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The Rogers Brothers in Harvard, produced at the Knickerbocker Theatre, New York City, on 1 September 1902

February 1, 2013

a scene from the musical farce, The Rogers Brothers in Harvard,
produced at the Knickerbocker Theatre, New York City, on 1 September 1902,
with, left to right, Gus Rogers, Clara Palmer, Hattie Williams and Max Rogers
(photo: unknown, New York, 1902)

The Rogers Brothers in Harvard at the Knickerbocker …
‘The career of the Rogers Brothers in Harvard, as represented at the Knickerbocker Theatres, takes place with the dignified Colonial proportions of Harvard Hall on the left of the stage, and on the right the ivy-covered walls of Massachusetts Hall, memorable as having been converted into a hospital during the Revolution. Between these is the neo-Colonial gate, over which broods no less a spirit than that of Charles Eliot Norton.
‘Upon the quiet walks between, and in the shade of the academic elms above, two old rakes of guardians and two young dogs of wards, two French milliners and two young women to whom virtue is too easy, are entangled in a plot resembling a double quadrille, in which the dry is always, “Change partners!”
The Rogers Brothers meanwhile appear now and again with song, dance, and jocularity, sometimes in the character of professors, sometimes in that of members of the ‘Varsity eleven, thus effacing with one masterful stroke a long standing difference between the faculty and athletics. The most superficial observer must note that Mr. James J. McNally and his fellow-artists in the service of the Rogers Brothers have caught the very breath of Harvard reality.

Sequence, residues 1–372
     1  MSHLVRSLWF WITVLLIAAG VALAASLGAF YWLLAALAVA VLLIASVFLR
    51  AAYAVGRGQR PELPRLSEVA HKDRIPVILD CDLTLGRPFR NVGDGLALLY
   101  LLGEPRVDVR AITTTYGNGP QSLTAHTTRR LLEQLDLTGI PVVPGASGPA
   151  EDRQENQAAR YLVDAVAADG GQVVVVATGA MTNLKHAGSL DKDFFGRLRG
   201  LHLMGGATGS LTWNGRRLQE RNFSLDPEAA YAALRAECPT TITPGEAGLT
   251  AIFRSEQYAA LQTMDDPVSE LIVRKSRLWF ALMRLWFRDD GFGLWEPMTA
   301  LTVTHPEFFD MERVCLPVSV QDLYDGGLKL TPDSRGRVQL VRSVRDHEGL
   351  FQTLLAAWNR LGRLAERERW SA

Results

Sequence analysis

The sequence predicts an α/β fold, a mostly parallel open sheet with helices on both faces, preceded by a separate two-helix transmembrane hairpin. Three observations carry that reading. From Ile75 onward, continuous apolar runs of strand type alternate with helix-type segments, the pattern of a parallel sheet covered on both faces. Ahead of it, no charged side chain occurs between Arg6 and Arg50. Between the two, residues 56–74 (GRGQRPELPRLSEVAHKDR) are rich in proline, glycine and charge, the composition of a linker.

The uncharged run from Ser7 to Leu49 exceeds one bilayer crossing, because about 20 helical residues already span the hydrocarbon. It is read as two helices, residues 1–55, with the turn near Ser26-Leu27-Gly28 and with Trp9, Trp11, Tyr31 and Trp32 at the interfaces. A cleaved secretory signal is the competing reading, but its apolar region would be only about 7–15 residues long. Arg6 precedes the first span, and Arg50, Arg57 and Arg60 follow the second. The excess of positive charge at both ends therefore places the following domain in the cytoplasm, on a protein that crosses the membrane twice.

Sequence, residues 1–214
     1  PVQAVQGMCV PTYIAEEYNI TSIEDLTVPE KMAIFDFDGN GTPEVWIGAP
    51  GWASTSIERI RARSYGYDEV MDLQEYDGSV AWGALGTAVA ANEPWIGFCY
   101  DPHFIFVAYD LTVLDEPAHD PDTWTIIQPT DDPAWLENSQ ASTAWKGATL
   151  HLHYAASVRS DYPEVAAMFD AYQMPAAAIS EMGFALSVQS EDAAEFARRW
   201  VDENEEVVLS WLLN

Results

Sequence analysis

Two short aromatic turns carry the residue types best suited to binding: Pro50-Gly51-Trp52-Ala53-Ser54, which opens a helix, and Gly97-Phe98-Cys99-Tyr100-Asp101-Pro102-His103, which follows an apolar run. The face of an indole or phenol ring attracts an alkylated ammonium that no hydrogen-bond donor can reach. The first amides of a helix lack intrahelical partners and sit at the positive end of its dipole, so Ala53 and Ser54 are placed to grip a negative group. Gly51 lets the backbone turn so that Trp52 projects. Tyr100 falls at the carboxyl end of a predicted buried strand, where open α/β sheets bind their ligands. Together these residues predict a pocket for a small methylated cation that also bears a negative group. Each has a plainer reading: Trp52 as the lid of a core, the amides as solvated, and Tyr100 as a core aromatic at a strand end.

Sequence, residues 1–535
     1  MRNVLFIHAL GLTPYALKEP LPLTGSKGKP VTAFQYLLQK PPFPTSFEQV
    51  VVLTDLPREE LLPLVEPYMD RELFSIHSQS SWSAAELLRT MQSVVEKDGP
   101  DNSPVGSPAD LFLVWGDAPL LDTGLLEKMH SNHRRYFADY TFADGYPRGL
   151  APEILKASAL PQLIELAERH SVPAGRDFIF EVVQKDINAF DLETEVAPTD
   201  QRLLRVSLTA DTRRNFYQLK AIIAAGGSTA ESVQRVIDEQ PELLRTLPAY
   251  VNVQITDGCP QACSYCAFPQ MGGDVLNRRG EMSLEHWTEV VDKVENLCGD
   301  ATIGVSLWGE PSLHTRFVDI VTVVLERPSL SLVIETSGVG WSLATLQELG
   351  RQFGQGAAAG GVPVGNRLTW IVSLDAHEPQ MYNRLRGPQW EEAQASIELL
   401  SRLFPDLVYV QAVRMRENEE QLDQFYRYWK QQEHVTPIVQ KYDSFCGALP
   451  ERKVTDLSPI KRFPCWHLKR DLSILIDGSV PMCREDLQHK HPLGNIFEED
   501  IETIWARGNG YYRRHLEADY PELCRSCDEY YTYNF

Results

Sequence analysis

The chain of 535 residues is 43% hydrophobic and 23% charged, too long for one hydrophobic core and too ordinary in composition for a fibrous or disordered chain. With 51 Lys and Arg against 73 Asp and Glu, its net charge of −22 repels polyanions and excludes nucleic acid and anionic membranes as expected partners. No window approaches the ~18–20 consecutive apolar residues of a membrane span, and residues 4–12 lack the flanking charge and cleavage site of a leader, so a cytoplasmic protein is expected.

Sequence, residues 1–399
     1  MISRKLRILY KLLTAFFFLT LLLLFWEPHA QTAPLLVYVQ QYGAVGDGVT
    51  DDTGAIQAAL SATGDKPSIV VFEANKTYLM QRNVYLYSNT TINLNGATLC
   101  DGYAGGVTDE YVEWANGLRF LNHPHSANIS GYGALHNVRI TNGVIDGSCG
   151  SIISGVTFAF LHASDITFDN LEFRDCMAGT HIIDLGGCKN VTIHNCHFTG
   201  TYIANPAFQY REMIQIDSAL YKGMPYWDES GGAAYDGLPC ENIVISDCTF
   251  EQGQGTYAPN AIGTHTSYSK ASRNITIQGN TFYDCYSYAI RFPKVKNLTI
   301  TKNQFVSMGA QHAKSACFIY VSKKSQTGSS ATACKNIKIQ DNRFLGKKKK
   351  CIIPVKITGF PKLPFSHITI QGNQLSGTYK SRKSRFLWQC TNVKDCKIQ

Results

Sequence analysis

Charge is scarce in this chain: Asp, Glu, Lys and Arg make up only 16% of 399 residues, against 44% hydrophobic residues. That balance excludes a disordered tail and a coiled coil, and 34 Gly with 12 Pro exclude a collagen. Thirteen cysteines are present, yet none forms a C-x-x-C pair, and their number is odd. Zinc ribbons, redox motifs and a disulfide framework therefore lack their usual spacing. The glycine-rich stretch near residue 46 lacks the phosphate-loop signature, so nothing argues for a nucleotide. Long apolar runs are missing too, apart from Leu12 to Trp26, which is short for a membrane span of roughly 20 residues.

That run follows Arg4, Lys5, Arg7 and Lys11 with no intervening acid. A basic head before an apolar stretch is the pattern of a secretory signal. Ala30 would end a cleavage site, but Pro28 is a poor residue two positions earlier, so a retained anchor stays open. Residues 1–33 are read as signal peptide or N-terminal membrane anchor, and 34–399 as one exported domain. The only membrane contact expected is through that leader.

‘The first of the scenes of the play is in the garden at Claremont, with Grant’s tomb looming on the back-drop; and the third is in the entertainment hall of the Eden Musee. All three, and especially the Harvard yard, are done with admirable scenic effect, and all the trappings of the show are in luxurious good taste. Especially to be noted is the ballet.
‘Its gowns are of excellent variety and richness; it is at once well trained and spirited, and the young women who compose it are far above what one is accustomed to in seemliness and good looks. Take it all in all it is as much above the average of this sort of thing as it is above the other features of the performance.